Ettore “Ted” DeGrazia died on September 17, 1982 in Tucson, Arizona. He was true aficionado of the mighty Superstition Mountains. At the time of DeGrazia’s death it was very difficult for me to write about him. I have always wanted to believe he was a true Western maverick; however his educational and business background emitted a somewhat different image.

Before I can honestly write about this it is important that I clarify my relationship with him. Ted had many people who just hung around him and I didn’t want to be classified as one of them. Therefore I kept my distance from him a majority of the time. DeGrazia and I had only one thing in common. We both were aficionados Superstition Mountain.

The first time I met Ted was in 1963. He was in Apache Junction to embark upon an expedition into the Superstition Wilderness Area. I don’t recall the exact circumstances of our first meeting. Either Slim Fogle or “Woody” Woodcock introduced me to him at First Water Trail Head. I was introduced as one of the cowboys that use to work for the Barkley Cattle Company.

DeGrazia at the time was interested in certain landmarks in the Superstitions. He chatted briefly with me about a couple of landmarks and various names they had. Old Slim Fogle usually packed DeGrazia into the region. On this particular day “Woody” Woodcock was doing the packing and guiding. DeGrazia was beginning to reach the apex of his art career in 1963, but was still relatively unknown. In our brief conversation I sensed his love for the area, however I felt he was promoting a stigma. You might say a self-guided stigma to associate with the wild and violent history of the region.  DeGrazia wanted to be stereotyped with the area and its violence. The “Old West” and its wild and wooly way was what DeGrazia was looking for.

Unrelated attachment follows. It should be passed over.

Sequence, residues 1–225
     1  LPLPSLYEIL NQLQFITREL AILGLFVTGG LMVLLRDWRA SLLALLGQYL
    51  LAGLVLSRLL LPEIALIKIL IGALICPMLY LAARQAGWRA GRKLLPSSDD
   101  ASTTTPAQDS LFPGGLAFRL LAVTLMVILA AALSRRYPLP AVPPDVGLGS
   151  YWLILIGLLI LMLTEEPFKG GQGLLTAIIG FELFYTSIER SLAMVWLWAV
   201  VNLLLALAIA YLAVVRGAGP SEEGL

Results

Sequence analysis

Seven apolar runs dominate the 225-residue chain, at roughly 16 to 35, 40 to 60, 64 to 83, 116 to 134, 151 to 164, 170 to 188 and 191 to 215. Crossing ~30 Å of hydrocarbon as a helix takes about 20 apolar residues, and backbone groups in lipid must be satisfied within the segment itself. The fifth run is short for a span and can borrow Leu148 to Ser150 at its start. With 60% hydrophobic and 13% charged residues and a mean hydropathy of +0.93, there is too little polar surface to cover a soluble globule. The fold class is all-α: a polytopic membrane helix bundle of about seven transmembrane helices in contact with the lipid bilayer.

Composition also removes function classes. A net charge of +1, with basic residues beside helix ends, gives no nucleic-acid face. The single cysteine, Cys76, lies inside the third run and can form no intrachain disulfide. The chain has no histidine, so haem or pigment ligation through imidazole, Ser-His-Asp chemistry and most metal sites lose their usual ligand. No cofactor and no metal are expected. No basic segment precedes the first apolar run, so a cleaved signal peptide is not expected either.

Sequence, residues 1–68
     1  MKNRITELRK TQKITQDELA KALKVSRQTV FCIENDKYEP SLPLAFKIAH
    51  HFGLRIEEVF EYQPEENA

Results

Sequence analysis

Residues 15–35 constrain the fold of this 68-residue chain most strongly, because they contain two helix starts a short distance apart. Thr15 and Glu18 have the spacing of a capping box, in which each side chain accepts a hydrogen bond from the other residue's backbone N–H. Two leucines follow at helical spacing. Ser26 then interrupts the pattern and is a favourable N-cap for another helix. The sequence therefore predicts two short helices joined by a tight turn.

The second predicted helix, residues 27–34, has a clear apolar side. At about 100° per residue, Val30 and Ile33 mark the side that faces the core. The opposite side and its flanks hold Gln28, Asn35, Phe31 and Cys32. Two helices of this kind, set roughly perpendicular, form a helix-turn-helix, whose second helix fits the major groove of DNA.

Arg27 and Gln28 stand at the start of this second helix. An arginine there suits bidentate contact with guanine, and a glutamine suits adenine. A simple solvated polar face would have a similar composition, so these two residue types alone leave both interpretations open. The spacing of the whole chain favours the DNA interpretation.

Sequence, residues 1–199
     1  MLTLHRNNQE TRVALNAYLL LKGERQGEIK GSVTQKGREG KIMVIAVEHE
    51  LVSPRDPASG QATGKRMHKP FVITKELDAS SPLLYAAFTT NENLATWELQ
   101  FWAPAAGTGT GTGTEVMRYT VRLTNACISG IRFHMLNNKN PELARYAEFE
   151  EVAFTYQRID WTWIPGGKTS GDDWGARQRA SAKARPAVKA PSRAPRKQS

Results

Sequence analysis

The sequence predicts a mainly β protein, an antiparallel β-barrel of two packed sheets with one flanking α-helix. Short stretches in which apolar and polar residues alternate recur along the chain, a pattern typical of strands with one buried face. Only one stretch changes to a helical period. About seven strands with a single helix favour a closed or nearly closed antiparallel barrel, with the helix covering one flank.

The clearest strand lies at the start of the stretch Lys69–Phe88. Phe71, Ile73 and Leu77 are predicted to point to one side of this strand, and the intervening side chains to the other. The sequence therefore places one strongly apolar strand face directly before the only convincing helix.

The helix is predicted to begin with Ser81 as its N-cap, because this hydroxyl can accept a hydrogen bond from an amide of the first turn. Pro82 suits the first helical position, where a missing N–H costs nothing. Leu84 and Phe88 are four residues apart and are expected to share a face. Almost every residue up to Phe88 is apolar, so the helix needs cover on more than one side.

Men and equipment had been assembled for this expedition and yet it did not appear the expedition was even going to get off the trailhead. Many of the participants were enjoying alcoholic beverages at the trailhead. After my brief conversation with DeGrazia I returned to my vehicle and watched the three-ring circus that was unfolding before my eyes. The DeGrazia entourage looked like a page out of Old West history with their pre-1900 costumes and ancient weapons.

Photographs were being taken, horses were jumping around, men were swearing and patience was running very thin among the participants. Adventure, excitement, guns and alcohol do not mix well. What appeared before me was a disaster waiting to happen. That was the first time I met Ted DeGrazia. It certainly made an impression on me.

Our trails crossed occasionally during the years 1963 through 1981. Ted had his associates and friends. I had mine. The rugged Superstition Mountains were the only common ground between DeGrazia and I. Ted did everything to promote the image of DeGrazia. He painted, sculptured, made films, wrote books and recorded records to keep the DeGrazia image alive and before the public. I was just another acquaintance, a distant face in a crowd of thousands. He would sometimes recognize me depending on who was around.

DeGrazia used his environment to promote his image before his adoring public. Early in the fall of 1980, I contacted DeGrazia at his Tucson Gallery because he had left a message for me to do so. I finally called him by telephone to find out what he wanted. He informed me he wanted to make a film about Celeste Marie Jones. He needed detailed information about Jones and wanted to know if I could meet him next time he was in Apache Junction. I agreed I would assist him the next time he was in the junction.